Greater Segregation Increases Social Disparities
- Greater Segregation Increases Social Disparities
- Publication Date:
A research brief from the Furman Center at New York University finds that socioeconomic disparities between Whites and both African-Americans and Latinos are larger in metropolitan areas with more residential segregation. Using data from the U.S. Census from 2007-2011, researchers analyzed the relationship between residential segregation and socioeconomic outcomes of native-born individuals between ages 20 and 30. Outcomes include the probably of graduating from high school and college, earnings and the likelihood of being idle, and the likelihood of being a single mother. By looking at 199 Core Based Statistical Areas (CBSAs), the researchers measured segregation using "dissimilarity index scores," and analyzed how differences in socioeconomic outcomes varied in relation to them. The mean Latino-White dissimilarity index score across CBSAs was .468 and the mean Black-White dissimilarity index score was .579.
Higher levels of segregation are associated with the following disparities:
- Native-born Latinos and native-born African-Americans are significantly less likely than Whites to graduate from high school.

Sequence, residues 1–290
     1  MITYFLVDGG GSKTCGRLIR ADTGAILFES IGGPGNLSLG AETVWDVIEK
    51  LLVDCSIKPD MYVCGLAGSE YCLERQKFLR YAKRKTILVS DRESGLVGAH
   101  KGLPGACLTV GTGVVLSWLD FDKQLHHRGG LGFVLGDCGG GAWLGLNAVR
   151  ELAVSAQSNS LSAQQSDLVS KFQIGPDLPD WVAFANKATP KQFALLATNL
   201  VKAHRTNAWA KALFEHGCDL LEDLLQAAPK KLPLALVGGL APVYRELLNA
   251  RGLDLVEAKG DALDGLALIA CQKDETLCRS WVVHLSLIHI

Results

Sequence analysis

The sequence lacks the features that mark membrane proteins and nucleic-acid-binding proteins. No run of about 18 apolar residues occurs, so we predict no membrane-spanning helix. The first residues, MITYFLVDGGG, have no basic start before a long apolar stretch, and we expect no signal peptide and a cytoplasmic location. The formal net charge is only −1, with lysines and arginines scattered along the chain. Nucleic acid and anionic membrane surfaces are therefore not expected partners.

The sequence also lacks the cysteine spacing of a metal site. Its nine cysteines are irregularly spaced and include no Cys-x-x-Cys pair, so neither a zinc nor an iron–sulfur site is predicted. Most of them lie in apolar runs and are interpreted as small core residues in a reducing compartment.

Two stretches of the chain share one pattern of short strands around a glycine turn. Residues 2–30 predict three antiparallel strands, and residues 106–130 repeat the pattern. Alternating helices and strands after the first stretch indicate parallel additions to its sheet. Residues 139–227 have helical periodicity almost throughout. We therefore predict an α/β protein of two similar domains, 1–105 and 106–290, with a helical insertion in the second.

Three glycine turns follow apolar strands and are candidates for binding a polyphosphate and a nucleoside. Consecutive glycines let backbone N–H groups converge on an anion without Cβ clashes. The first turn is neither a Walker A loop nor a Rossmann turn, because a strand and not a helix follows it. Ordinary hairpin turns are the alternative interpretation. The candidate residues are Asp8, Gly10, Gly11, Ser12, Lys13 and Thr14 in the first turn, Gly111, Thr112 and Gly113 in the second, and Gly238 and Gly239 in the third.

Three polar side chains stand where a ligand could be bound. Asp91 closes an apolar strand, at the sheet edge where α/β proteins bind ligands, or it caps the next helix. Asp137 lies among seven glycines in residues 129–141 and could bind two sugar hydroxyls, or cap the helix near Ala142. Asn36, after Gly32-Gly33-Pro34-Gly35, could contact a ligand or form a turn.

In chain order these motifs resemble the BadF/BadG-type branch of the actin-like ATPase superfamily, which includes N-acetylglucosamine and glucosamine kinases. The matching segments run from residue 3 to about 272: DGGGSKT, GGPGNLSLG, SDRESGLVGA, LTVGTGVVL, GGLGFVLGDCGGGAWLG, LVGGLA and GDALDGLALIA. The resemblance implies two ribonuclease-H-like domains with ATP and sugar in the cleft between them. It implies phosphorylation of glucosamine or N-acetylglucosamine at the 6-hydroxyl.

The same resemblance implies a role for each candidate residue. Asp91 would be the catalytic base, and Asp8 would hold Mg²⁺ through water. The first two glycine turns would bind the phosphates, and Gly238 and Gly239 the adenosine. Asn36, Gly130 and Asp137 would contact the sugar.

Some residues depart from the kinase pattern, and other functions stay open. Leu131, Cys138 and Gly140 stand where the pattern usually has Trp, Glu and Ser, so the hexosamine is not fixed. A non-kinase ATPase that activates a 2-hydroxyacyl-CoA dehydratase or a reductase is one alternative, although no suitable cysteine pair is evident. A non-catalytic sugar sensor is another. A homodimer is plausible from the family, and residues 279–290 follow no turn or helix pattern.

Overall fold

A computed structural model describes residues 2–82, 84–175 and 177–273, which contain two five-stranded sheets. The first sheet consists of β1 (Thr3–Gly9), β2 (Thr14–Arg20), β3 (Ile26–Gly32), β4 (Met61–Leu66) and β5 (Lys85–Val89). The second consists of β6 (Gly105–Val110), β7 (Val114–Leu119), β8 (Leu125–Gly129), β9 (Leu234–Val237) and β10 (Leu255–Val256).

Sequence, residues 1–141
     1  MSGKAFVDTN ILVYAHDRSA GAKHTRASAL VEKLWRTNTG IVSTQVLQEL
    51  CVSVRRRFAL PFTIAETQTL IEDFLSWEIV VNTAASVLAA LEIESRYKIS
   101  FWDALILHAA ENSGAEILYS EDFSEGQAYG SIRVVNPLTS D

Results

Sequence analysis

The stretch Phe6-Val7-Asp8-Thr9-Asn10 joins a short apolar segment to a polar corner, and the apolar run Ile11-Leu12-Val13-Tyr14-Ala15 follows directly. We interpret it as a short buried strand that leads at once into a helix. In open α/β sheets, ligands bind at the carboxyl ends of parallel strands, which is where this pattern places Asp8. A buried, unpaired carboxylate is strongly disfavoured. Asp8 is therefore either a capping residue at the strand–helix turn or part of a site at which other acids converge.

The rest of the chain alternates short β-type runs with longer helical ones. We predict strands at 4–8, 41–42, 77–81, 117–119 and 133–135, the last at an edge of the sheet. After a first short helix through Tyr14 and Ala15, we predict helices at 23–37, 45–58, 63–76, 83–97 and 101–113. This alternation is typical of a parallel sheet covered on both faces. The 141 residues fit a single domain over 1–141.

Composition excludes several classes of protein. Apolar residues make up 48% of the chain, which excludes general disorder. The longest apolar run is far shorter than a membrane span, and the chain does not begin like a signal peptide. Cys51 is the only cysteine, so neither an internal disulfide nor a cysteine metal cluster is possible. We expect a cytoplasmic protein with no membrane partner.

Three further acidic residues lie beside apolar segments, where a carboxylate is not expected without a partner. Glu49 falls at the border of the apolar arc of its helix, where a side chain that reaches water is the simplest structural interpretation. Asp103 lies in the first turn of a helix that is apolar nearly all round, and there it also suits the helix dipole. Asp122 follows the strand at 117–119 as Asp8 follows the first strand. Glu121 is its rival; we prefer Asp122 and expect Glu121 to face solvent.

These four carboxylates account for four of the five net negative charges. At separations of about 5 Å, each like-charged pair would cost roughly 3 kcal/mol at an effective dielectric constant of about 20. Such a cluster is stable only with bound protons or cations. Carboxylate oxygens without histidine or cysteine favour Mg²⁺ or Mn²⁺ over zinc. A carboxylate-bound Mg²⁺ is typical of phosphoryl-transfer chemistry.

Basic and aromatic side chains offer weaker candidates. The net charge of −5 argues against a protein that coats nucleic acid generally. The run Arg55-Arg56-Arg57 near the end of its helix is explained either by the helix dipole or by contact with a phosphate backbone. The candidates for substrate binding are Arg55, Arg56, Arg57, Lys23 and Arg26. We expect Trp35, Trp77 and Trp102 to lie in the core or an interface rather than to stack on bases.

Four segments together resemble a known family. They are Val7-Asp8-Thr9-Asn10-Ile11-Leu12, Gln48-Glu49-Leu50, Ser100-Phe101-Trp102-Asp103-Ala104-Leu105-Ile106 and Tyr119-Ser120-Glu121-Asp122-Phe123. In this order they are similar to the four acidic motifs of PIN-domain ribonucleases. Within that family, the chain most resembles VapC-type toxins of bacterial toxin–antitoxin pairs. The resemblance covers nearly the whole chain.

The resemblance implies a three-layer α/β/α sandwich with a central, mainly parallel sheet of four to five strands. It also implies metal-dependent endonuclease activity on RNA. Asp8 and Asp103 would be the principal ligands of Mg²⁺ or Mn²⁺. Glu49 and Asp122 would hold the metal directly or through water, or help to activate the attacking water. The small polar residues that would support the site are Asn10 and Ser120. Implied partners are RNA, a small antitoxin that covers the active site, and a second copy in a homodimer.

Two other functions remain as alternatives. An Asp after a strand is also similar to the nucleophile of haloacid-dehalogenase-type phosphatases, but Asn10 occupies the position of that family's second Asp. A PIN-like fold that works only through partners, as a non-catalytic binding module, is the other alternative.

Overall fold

- Native-born Latinos and African-Americans are less likely than Whites to complete college.
- The likelihood of White students graduating from high school does not change based on level of segregation.
- Native-born Latinos and African-Americans are more likely than Whites to be neither in school or employed.
- African-Americans earn less: for instance, the increase in Black/White segregation from Phoenix to New Orleans is associated with a decline in African-Americans' earnings of 14.8 percent, relative to Whites.
- Latinos earn less: for instance, the increase in Latino/White segregation from Las Vegas to Los Angeles is associated with earning 17.7 percent less relative to whites.
After finding the association between segregation and disparities, the researchers explored the root causes. In segregated places, there are wider differences between neighborhoods when it comes to human capital, public service quality, and exposure to violence. All of these factors can have long-lasting impacts on individuals and families.